It is crucial to discuss how to APPLY guidelines to the individual patient in front of them – to be patient-centred, use clinical judgment, and to bear in mind concepts such as Minimally Disruptive Medicine. This is why case-based learning is appropriate. There is an informative video by Trisha Greenhalgh (Professor of Primary Care at Oxford) on Real Versus Rubbish EBM

https://m.youtube.com/watch?v=qYvdhA697jI  which, in part, relates her experience of falls guidelines after a pushbike accident. It is preferable for trainees to be aware of and use guidelines (particularly in a field as broad as general practice with its rapidly increasing knowledge base) but there is an interesting skeptical perspective (particularly in reference to dietary guidelines) in the following post

http://www.cardiobrief.org/2016/01/21/why-guidelines-are-bad-for-science/

In Summary

  • Start with a case
  • Ask if there are any guidelines?
  • Critique: why, how, who, where, when
  • Distill them
  • Apply judiciously

In regard to the original issue of antibiotic prescribing we need informed prescribers who know current guidelines – where to find them when needed and to be alert for when they change – but who are aware of when they do not follow the guideline (and why).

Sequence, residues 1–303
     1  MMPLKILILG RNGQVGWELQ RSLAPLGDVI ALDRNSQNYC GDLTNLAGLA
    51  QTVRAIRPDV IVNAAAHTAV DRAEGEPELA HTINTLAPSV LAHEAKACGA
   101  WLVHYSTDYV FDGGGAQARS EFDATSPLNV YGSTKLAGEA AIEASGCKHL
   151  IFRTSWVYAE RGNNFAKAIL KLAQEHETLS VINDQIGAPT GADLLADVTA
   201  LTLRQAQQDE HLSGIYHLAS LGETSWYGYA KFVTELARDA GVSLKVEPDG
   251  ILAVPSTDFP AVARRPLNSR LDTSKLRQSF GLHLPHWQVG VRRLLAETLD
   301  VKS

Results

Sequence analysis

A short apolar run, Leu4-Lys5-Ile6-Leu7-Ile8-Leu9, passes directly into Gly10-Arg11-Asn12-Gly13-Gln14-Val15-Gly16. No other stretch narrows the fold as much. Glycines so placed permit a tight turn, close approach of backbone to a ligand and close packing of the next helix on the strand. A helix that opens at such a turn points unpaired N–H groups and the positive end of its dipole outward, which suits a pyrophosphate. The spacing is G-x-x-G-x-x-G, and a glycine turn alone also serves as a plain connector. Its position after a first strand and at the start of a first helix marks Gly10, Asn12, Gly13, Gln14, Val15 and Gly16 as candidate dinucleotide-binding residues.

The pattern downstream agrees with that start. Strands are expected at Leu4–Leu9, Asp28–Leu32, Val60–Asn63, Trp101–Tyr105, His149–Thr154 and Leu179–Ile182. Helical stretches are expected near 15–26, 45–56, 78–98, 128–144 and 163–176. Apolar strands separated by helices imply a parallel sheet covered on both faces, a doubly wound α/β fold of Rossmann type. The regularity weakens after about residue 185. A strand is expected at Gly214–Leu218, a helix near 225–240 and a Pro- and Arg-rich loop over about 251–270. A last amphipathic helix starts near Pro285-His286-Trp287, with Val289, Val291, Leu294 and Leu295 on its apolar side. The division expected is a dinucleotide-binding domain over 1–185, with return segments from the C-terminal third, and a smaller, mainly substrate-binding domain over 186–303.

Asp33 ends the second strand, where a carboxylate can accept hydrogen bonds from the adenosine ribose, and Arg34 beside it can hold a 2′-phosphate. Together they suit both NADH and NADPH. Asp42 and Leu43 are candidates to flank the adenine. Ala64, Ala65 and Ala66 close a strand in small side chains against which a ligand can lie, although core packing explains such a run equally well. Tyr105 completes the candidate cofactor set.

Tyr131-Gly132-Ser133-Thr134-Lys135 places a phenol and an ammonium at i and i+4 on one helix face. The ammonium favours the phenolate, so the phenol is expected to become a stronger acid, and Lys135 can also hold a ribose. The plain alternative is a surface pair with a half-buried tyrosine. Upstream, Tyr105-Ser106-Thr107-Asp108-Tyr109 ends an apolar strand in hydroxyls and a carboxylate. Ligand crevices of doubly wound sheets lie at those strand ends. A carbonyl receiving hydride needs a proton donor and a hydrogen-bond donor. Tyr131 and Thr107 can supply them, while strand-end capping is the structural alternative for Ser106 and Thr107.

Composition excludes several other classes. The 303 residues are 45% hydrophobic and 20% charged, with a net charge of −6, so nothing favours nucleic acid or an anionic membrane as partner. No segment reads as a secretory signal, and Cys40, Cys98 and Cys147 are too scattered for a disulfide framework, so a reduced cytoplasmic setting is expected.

Hopefully the days are long gone when patients thought looking something up meant the doctor “didn’t know” the answer and that these days they are reassured when told that the GP is just checking the latest guideline update. The skill set of general practice is not only to treat but also to explain, reassure, educate, negotiate and develop the doctor / patient relationship – practical consultation skills that can be conveyed when “teaching guidelines”.

 

Teaching Dermatology – essential, multi-faceted and, sometimes, “innovative”

Back in 1999 I wrote an article (in Education for General Practice) entitled Teaching dermatology in general practice : the potential of digital cameras and information technology”.  How things have changed!  Back then we bought a Canon digital camera with a 0.6 megapixel camera and lent it out to registrars so they could come to workshops armed with photos to illustrate the cases they presented to their peers – now we all have phones with around 12 megapixel cameras and can send pictures to specialists for an opinion.